The European Court of Justice (ECJ) defines a ‘dominant position’ referred to in article 86 of the EC Treaty as a “position of economic strength enjoyed by an undertaking which enables it to prevent effective competition [from] being maintained on the relevant market by giving it the power to behave to an appreciable extent independently of its competitors, customers and ultimately of its consumers”. No firm can have significant market power if there is effective competition (regardless of market shares).
One of the characteristics of effective competition is the inability of firms to act independently, e. g. to change prices independently. This is described in article 86 (EC Treaty on dominance) as a “position of economic strength enjoyed by an undertaking which enables it to prevent effective competition [from] being maintained on the relevant market by giving it the power to behave to an appreciable extent independently of its competitors, customers and ultimately of its consumers”. A dominant position does not mean that an undertaking deemed to be in a dominant position has no competitors; it simply means that an undertaking is in a position to have an “appreciable influence on the conditions” under which conduct in the relevant market will develop and to act largely in disregard of its competition “so long as such conduct does not operate to its detriment. ” It is not illegal for an undertaking to have a dominant position; rather, where a firm is found to be in a dominant position it “has a special responsibility not to allow its conduct to impair genuine undistorted competition on the Common Market. 4 The definition of dominance used by the South African Tribunal in the York Timbers case (Case Number: 15/IR/Feb01) is instructive. The Tribunal argued that an abuse of dominance must be based on the exercise of market power and the extension of this market power to lessen competition in the relevant market: 4 The “dominant position” doctrine and the European Union’s response to the British Airways/American airlines alliance. Available: http://www. bc. edu/bc_org/avp/law/lwsch/journals/bciclr/23_1/04_TXT. htm 6 In order to consider a claim in terms of Section 8 the Tribunal must be satisfied that the respondent is either dominant in the market in which the alleged abuse is perpetrated or that the effect of the abuse is experienced in a related market, one either upstream or downstream of the market in which the alleged perpetrator of the abuse is dominant. However where that is the case, it still remains to be established that the perpetrator of the alleged abuse is, by drawing on its power in the market in which it is dominant, attempting to create or to exercise market power in this related market…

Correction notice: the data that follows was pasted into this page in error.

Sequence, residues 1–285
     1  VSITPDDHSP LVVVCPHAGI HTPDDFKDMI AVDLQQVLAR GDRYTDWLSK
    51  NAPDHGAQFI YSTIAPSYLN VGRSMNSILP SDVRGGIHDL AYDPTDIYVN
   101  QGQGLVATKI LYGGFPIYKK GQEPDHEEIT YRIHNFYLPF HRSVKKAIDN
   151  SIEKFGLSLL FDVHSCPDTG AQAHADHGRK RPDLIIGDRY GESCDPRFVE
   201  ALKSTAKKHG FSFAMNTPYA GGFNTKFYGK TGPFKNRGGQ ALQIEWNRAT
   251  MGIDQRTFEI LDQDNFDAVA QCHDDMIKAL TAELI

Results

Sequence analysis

It is not enough to show that a given practice is a product of market power. It must also be shown that the act complained of actually extends that power or creates new sites of power. ” This approach is also taken in the USA where it is stated in Areeda and Hovenkamp that: “An ‘arbitrary’ refusal to deal by a monopolist cannot be unlawful unless it extends, preserves, creates, or threatens to create significant market power in some market, which could be either the primary market in which the monopoly firm sells or a vertically related or even collateral market.
Refusals that do not accomplish at least one of these results do not violate Sec 2 (of the Sherman Act), no matter how much they might harm the person or class of person declined service. Nor are such refusals an ‘abuse’ of monopoly power in the sense of using power in one market as ‘leverage’ to increase one’s advantage in another market”. 3. 1. 2 MARKET POWER IN TELECOMMUNICATIONS Market power’ is defined in the South African Act as: ‘the power of a firm to control prices, to exclude competition or to behave to an appreciable extent independently of its competitors, customers or suppliers’.
Apart from market shares and pricing behaviour, there are other criteria that are usually employed to consider whether a firm has market power. While it is recognized that a firm without significant market shares will probably not have sufficient market power to behave anti-competitively, in the telecommunications sector it is important to consider aspects such as barriers to entry, profitability, vertical integration, etc. The extent to which established market players are constrained by the prospect of new entry is a key factor in determining the existence of market power.